Monday, March 3, 2008

The Economic Perspective on Incentives

Economists believe incentives always matter. An incentive is something that induces a particular behavior or action. Price changes are incentives because they usually alter consumer behavior. An increase in the price of a product normally causes people to buy less of it. If beef becomes a lot more expensive, for example, many people buy less beef and more of a substitute product, such as chicken or fish.

Not everyone believes in the power of incentives. In the 1970s, the price of gasoline quadrupled as a result of manipulations of the world oil market by the Organization of Petroleum Exporting Countries (OPEC). At the time, American consumers bought over 90 percent of their automobiles from the three major U.S. auto producers: Chrysler, Ford, and General Motors. Economists predicted the rapid increase in gasoline prices would cause consumers to want more fuel-efficient cars. The heads of the American automobile companies ignored the fact that incentives matter, however. Chrysler, Ford, and General Motors continued to manufacture large, gas-guzzling automobiles without providing consumers the option of an American-made fuel-efficient car. Japanese automobile producers, however, were eager to sell their compact, fuel-efficient cars to American consumers. Throughout the 1980s, Japanese car companies gained an increasing share of the U.S. automobile market. It is unlikely that American automobile companies will ever regain all of the shares of the automobile market they lost to foreign producers after oil prices increased dramatically in the 1970s. Japanese brands, such as Honda and Toyota, are firmly entrenched in the U.S. car market. This occurred because the highly educated business leaders of some of the largest American corporations ignored a basic economic principle. Incentives always matter.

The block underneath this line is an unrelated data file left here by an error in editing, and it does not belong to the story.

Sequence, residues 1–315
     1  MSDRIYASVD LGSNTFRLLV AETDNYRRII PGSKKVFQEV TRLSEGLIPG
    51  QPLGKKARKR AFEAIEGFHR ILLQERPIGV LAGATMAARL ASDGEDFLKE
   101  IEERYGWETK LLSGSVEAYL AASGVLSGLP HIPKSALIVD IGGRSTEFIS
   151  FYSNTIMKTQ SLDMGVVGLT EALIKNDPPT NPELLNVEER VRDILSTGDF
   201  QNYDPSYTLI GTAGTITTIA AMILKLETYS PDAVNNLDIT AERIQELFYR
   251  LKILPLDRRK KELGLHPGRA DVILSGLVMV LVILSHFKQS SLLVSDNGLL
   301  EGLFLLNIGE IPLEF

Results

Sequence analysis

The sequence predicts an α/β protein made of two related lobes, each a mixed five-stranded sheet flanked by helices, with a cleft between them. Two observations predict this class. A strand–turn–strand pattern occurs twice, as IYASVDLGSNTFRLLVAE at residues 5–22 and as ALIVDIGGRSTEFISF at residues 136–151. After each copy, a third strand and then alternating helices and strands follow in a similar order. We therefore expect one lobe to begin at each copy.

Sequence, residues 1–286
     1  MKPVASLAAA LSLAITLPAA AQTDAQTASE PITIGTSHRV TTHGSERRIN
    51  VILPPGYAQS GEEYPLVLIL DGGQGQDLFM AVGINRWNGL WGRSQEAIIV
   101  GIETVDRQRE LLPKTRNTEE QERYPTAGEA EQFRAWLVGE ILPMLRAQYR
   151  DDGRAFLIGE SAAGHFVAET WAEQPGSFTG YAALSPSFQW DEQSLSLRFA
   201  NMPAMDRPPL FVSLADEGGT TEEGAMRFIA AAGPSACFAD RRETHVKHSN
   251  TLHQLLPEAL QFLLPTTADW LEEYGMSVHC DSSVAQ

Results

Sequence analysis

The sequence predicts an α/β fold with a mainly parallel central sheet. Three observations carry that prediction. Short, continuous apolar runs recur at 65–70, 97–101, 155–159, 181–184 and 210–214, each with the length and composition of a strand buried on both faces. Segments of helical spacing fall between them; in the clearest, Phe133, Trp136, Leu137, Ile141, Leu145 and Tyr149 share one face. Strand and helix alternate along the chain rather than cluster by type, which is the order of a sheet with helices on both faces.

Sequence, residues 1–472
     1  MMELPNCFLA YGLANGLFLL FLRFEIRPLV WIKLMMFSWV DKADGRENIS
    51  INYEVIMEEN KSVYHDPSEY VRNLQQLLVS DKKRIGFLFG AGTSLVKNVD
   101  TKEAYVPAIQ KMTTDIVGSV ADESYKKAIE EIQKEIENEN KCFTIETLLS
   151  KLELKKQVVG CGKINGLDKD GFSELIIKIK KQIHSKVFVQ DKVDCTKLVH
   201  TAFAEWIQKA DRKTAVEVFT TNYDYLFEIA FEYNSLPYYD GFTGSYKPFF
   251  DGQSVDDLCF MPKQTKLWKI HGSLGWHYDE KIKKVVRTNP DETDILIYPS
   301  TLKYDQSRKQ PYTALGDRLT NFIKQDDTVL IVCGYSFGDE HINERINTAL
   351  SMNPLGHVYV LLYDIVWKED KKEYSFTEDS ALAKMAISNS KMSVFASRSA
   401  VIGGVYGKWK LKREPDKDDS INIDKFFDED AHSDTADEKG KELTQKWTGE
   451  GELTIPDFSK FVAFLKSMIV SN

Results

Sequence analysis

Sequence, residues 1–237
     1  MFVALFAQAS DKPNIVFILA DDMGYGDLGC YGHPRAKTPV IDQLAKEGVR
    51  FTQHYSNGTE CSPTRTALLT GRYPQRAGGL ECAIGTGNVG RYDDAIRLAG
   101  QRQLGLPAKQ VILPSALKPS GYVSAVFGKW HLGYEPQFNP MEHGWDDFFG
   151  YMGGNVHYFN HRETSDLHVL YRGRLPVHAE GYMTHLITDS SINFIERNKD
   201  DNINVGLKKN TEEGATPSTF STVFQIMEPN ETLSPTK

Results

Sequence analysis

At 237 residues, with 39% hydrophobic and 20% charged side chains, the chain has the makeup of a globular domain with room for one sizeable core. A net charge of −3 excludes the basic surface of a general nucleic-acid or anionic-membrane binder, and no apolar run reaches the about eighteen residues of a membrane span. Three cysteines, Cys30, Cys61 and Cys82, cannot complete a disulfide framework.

If society uses appropriate incentives, then people’s behavior can be altered. Economists use incentives when designing social policies. If society wants more of something, it should subsidize it. If society wants less of something, then it should tax it.

A subsidy is monetary assistance from the government to promote an activity deemed advantageous to the public. For example, the government subsidizes lunches in public schools. Public school cafeterias provide nutritious meals to students at low or no cost. This is because society believes it is beneficial for all students to have access to a balanced diet, at least on school days, even if families have difficulty affording it.

A tax is a charge (usually of money) imposed by the government on people or property. For example, in cases where the government can measure pollution emissions, it sometimes charges a pollution tax. Companies that generate more pollution pay more in pollution taxes than those that pollute less. This creates an incentive for businesses to find methods of operation that are cleaner for the environment.

Other examples of taxes used to alter social behavior are the excise taxes on cigarettes and alcohol. These are called sin taxes because they are designed to discourage the consumption of these “sinful” products. An excise tax is levied on a particular product. Other products that are typically subjected to excise taxes are fuel, hotel rooms, cable television, and telephone service.

Subsidies and taxes are important components of social policy.

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